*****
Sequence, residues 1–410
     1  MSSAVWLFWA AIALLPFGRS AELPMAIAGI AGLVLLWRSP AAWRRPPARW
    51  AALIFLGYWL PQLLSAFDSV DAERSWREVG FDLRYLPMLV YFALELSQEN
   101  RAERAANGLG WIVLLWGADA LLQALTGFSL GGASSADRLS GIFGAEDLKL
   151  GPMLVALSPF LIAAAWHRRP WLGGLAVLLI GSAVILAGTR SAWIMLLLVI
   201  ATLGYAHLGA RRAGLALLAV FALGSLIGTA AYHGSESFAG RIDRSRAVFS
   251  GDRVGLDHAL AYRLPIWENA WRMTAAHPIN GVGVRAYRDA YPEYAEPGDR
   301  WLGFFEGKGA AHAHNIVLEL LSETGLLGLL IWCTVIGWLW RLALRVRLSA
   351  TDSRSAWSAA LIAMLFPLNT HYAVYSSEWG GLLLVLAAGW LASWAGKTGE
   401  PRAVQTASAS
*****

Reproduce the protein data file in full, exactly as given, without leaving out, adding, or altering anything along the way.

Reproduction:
Sequence, residues 1–410
     1  MSSAVWLFWA AIALLPFGRS AELPMAIAGI AGLVLLWRSP AAWRRPPARW
    51  AALIFLGYWL PQLLSAFDSV DAERSWREVG FDLRYLPMLV YFALELSQEN
   101  RAERAANGLG WIVLLWGADA LLQALTGFSL GGASSADRLS GIFGAEDLKL
   151  GPMLVALSPF LIAAAWHRRP WLGGLAVLLI GSAVILAGTR SAWIMLLLVI
   201  ATLGYAHLGA RRAGLALLAV FALGSLIGTA AYHGSESFAG RIDRSRAVFS
   251  GDRVGLDHAL AYRLPIWENA WRMTAAHPIN GVGVRAYRDA YPEYAEPGDR
   301  WLGFFEGKGA AHAHNIVLEL LSETGLLGLL IWCTVIGWLW RLALRVRLSA
   351  TDSRSAWSAA LIAMLFPLNT HYAVYSSEWG GLLLVLAAGW LASWAGKTGE
   401  PRAVQTASAS